Yes I am also bothered by the "oxygen myth" and work at dispelling it
every chance I get. As you say the influence of net forest
photosynthesis on atmospheric O2 is trivial. There are about
380,000,000 teramoles (tera =10^12) of O2 in the atmosphere representing
nearly 1/4 of dry air. The small amount produced in global
photosynthesis each year (approx 8,400 teramoles O2 per year) is nearly
balanced by the amount consumed in respiration/decay. The current
atmospheric O2 level accumulated by photosynthesis slightly exceeding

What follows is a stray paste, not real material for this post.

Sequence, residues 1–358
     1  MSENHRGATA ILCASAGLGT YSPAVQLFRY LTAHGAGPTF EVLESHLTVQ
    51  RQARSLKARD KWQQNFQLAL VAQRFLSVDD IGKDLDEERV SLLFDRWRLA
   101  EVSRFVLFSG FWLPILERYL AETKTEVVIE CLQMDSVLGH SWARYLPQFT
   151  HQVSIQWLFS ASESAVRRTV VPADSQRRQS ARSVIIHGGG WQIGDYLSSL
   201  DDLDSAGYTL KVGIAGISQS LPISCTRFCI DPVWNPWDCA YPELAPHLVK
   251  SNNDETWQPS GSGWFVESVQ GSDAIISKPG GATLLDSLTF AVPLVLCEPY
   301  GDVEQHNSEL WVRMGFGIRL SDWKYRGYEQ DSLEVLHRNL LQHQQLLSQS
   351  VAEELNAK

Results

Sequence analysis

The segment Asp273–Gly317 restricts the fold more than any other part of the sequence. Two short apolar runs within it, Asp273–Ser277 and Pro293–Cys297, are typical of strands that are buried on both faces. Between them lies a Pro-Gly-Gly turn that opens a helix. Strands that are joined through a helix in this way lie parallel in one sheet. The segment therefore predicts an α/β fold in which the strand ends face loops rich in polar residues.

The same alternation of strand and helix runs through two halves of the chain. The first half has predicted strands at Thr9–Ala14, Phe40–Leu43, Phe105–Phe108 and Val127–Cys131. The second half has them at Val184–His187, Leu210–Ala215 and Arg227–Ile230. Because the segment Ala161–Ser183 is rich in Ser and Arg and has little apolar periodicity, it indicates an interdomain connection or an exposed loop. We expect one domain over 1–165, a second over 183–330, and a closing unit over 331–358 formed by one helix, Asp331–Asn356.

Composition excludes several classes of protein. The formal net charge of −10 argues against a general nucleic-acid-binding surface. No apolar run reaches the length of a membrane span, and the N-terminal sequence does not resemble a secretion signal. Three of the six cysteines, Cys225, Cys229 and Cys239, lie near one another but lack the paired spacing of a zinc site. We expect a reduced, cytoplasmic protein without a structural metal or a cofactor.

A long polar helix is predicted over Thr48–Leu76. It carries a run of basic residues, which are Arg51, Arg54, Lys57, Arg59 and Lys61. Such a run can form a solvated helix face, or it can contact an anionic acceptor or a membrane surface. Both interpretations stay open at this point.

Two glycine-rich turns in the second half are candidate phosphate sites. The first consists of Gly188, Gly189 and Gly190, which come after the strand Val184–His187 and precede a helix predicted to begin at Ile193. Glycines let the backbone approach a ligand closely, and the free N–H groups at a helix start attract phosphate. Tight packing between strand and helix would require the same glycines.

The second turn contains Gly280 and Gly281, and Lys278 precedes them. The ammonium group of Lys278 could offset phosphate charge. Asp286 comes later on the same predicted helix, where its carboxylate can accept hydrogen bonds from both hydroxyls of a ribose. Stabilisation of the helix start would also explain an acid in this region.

respiration over geologic time. A sudden change in land use, even
catastrophic will have a neglible effect on this large pool of O2.
Additionally, the atmospheric O2 concentration is well "buffered". An
increase in global photosynthesis (or decrease in global respiration)
would increase the atmospheric O2 concentration (slightly) allowing
diffusion of O2 to greater depths in soils and water which, in turn,
would increase the rates of aerobic respiration again lowering the
atmospheric O2 concentration. Small increases in atmospheric O2 would
probably increase the incidence of fires (the atmosphere would be more
flammable!) which would ultimately result in a lowering of the
For more numbers and references I would refer your students to
Schlesinger's book "Biogeochemistry. An analysis of global change"
published by Academic Press.
All the best,